Days into her stay at The Salvation Army’s Peacehaven Nursing Home, well-known TV personality Anita Kapoor broke down, worn out by the “exhaustion, sleeplessness and dehumanisation”, as she later put it.
Speaking at a press conference on Wednesday (18 January), Kapoor said that she had not quite recovered from the “emotional and vulnerable” experience.
Kapoor is the subject of a new 70-minute documentary entitled “Anita’s Nursing Home Stay”, which follows her voluntary two-week stint as a resident at the nursing home last October. To gain realistic insights into the lives of some 400 elderly residents there, she was confined to a wheelchair and treated like a patient with mild dementia, incontinence and difficulty swallowing.
Kapoor, 45, wore adult diapers for a week and slept in a six-bed ward. She was also tied to her bed for a few nights with a body jacket, which is used to prevent falls by high-risk patients. “(The goal is) to cast light on a subject matter that has remained in the dark for far too long,” said Kapoor.
Commissioned by the Lien Foundation, the documentary aims to raise public awareness of the living conditions of some 12,000 residents in Singapore’s 70-odd nursing homes and to spark a dialogue on raising the quality of life in these homes.
The documentary is told largely from Kapoor’s perspective and includes her interactions with the residents and nurses, and input from Peacehaven. It can be viewed at www.nursinghomes.sg.
Raw and intimate, the documentary highlights complex issues such as the use of support aids like restraints to protect the patients’ safety, versus the need to preserve their dignity.
Lien Foundation CEO Lee Poh Wah, who was also at the conference, noted that most Singaporeans are not too concerned or aware of the conditions in nursing homes because “they cannot envisage themselves or their parents staying there”. This was why the Foundation commissioned the documentary, directed by Michelle Chua.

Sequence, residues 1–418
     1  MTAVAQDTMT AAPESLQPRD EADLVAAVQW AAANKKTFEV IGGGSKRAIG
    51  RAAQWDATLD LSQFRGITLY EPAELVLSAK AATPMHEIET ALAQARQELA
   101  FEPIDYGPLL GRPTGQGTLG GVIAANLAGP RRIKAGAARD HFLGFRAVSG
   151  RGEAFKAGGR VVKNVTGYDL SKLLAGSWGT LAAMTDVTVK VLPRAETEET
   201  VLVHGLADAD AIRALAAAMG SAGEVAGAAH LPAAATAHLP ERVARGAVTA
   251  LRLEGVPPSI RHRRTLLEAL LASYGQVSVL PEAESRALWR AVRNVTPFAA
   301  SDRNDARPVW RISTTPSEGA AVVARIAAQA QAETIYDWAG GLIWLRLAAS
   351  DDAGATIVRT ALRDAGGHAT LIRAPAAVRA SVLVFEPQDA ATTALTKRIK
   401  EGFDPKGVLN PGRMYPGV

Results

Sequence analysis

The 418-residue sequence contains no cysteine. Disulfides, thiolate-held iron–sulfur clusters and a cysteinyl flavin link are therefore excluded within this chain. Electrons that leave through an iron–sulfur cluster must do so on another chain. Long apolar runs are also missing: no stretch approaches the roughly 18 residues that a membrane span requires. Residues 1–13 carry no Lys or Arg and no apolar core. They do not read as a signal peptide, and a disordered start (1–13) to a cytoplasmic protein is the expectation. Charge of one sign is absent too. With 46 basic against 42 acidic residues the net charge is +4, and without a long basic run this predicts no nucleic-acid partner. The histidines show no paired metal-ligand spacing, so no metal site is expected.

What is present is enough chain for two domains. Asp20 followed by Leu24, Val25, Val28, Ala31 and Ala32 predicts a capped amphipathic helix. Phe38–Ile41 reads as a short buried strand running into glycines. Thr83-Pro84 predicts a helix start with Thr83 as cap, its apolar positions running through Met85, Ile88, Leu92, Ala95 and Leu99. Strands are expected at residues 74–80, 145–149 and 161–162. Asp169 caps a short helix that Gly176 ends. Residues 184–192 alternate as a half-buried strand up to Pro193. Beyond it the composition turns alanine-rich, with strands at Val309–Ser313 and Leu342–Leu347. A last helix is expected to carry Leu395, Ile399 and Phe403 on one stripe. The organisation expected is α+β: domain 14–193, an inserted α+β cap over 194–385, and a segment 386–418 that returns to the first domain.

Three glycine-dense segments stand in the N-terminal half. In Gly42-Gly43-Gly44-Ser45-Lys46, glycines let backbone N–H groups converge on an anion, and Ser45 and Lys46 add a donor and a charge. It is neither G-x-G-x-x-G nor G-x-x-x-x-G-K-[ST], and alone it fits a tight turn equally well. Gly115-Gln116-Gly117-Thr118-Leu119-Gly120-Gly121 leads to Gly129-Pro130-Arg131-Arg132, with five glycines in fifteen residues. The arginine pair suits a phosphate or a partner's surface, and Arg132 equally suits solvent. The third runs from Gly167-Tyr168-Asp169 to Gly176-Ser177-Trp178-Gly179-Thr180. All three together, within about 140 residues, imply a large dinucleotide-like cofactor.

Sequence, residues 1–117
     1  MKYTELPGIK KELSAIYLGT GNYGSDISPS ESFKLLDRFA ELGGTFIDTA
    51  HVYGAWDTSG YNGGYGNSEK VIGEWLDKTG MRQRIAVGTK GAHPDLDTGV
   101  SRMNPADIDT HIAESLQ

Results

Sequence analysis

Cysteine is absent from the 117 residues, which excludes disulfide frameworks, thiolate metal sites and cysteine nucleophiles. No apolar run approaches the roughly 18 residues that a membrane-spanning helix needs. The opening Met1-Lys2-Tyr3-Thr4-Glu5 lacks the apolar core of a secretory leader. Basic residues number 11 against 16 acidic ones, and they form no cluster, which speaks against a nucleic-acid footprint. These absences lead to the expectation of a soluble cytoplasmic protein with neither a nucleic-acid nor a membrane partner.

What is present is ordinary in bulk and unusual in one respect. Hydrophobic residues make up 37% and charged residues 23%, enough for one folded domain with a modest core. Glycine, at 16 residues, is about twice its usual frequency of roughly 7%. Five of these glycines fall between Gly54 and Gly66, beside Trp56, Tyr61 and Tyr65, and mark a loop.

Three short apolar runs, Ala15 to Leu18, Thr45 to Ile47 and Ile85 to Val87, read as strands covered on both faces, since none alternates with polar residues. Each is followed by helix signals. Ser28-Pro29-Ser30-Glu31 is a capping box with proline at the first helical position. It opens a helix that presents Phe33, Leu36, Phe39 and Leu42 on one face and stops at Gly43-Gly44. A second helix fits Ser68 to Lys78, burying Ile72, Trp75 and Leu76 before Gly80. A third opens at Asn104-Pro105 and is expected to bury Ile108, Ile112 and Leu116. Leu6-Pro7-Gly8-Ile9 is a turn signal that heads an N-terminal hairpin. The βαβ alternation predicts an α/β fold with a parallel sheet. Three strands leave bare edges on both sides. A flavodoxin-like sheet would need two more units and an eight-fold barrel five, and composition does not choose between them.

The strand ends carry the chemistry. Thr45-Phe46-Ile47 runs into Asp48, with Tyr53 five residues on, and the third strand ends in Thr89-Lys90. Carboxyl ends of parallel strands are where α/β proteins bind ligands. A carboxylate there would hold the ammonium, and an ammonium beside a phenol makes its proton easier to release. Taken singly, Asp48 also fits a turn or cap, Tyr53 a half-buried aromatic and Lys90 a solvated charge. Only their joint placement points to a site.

“If you want to improve service quality, I think we need to put effort on public education and awareness, so that the expectation can be raised,” said Lee, who urged Singaporeans to “put yourself in the shoes of a nursing home resident”.
The Foundation’s programme director Gabriel Lim conceded that the implementation of new solutions is hampered by manpower and financial constraints.
Consumer Charter for nursing homes
The Lien Foundation is proposing a 10-point Consumer Charter for nursing homes, which puts forth a new philosophy of care in six key areas: privacy, independence, dignity and individual preferences, accountability, transparency and personal responsibility. Among its suggestions:
- Nursing home residents should live in a home-like environment where they can personalise their living areas and have privacy when they need it
- Restraints, physical or otherwise, should be an absolute last resort
- Residents or their families should be given a choice to be involved in the day-to-day running of the homes
Lim expressed hopes that the Consumer Charter will become an “internal compass” for nursing homes here. Members of the public are invited to give their feedback on the Charter at www.nursinghomes.sg.
A screening of the documentary was held for some officials from the Ministry of Health, who were also aware of the Charter, according to Lee.
Last July, the Lien Foundation and Khoo Chwee Neo Foundation commissioned a study by global strategy consultancy Oliver Wyman called “The Economics of Singapore Nursing Home Care”. It advocated a “Silver Hope” model for nursing homes here, which includes single- or twin-bed rooms with their own toilets, a home-like environment and a team of senior care associates and nursing aides to look after residents.